WRITER: LENA BAKER
CONTACT: DAVE PEDERSEN
Iowa City IA 52242
(319) 335-8032; fax (319) 384-4638
Release: Oct. 30, 2001
Drug Information Service Division provides drug therapy information
IOWA CITY, Iowa -- Pharmacists and other health care professionals need
reliable, up-to-date drug information in order to provide the best care for
their patients. Much of that information is available through a service division
within the University of Iowa College of Pharmacy.
The college's Division of Drug Information Service (DDIS) was established
in 1965. Its basic functions and activities are publishing, drug information
service and instruction. DDIS's mission is to provide drug information systems
and services to Iowa and the world in order to improve health care.
Two main components of the service are the Iowa Drug Information Service
(IDIS) and the Iowa Drug Information Network (IDIN). The IDIS database is
a bibliographic indexing service for 200 English language medical and pharmaceutical
journals. This service focuses specifically on drug therapy and provides a
mechanism to find information quickly and have it readily available.
IDIN is the center for the generation and communication of drug information
to pharmacists and other health care practitioners. Through its educational
and service program, the IDIN supports the drug information role of pharmacists
in providing pharmaceutical care. Community pharmacists across Iowa who take
on a training role for UI senior pharmacy students receive a complimentary
subscription to IDIN. There are also a growing number of community pharmacists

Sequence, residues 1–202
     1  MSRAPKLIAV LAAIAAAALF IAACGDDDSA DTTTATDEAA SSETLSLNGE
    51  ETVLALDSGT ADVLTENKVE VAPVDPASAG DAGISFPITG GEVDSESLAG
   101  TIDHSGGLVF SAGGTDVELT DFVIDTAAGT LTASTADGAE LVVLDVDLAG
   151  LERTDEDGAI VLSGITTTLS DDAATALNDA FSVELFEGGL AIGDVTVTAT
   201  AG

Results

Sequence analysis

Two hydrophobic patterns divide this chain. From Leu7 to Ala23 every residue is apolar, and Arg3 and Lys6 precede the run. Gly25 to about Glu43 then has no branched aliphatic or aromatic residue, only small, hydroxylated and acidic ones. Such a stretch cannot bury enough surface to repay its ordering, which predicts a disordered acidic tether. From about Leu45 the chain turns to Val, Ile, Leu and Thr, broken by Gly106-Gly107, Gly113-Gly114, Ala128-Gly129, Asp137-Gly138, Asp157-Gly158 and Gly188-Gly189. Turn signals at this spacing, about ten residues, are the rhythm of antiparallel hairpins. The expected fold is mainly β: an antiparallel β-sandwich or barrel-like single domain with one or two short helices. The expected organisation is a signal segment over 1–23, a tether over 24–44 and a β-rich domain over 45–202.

and small hospitals that take advantage of the benefits of an IDIN subscription.
Both IDIS and IDIN services are subscription-based, although IDIS is now
available free on the Web to UI faculty and students.
In addition to IDIS and IDIN, a new resource has been created for those
interested in herbal medicines. HerbaLinks is a free service that evaluates
other Web sites that provide information about herbal medicines and therapies.
"This site directs people to the best information about herbals quickly,"
said Hazel Seaba, director of the Iowa Drug Information Service. HerbaLinks
can be accessed through the DDIS Web site. DDIS takes pride in making information
quickly available to pharmacists with the IDIS database and the IDIN service.
The lag time is much shorter than other bibliographic services. Most medical
and pharmaceutical journal articles are on the IDIS Web site within two months
of publication. "Outreach is very important," Seaba said. "By
the use of IDIS and IDIN, our division is making it easier for pharmacists
to serve their patients."
Ron Herman, director of the IDIN, said that his program was put into action
partly because of placement needs for pharmacy students around the state.
"IDIN provides tools to enhance these learning sites," Herman
said. "Iowa pharmacies and pharmacists receive this drug information
service in turn for supervising students."
Both IDIS and IDIN provide benefits to individual pharmacists, pharmacies,
pharmacy students and professors at the UI and around the world. The IDIS
database is sold all over the world, having served subscribers in over 60
different countries since the mid-1960s. Two-thirds of the subscriptions are
outside of the United States.
"Pharmacists need the ability to have access to information no matter
where they practice," Herman said. "With IDIS, the article is right
"Wherever you are, if you have a computer and the database or access
to the Web, you can retrieve relevant information," Seaba said. "This
is a stand alone resource."
For those interested in these services, DDIS will have an exhibit at the
UI Health Fair on Nov. 7. The fair will be held from 7:30 a.m. to 4:30 p.m.
at the UI Field House.
For more information about the DDIS or for subscription information about
the IDIS or IDIN, go to www.uiowa.edu/~idis.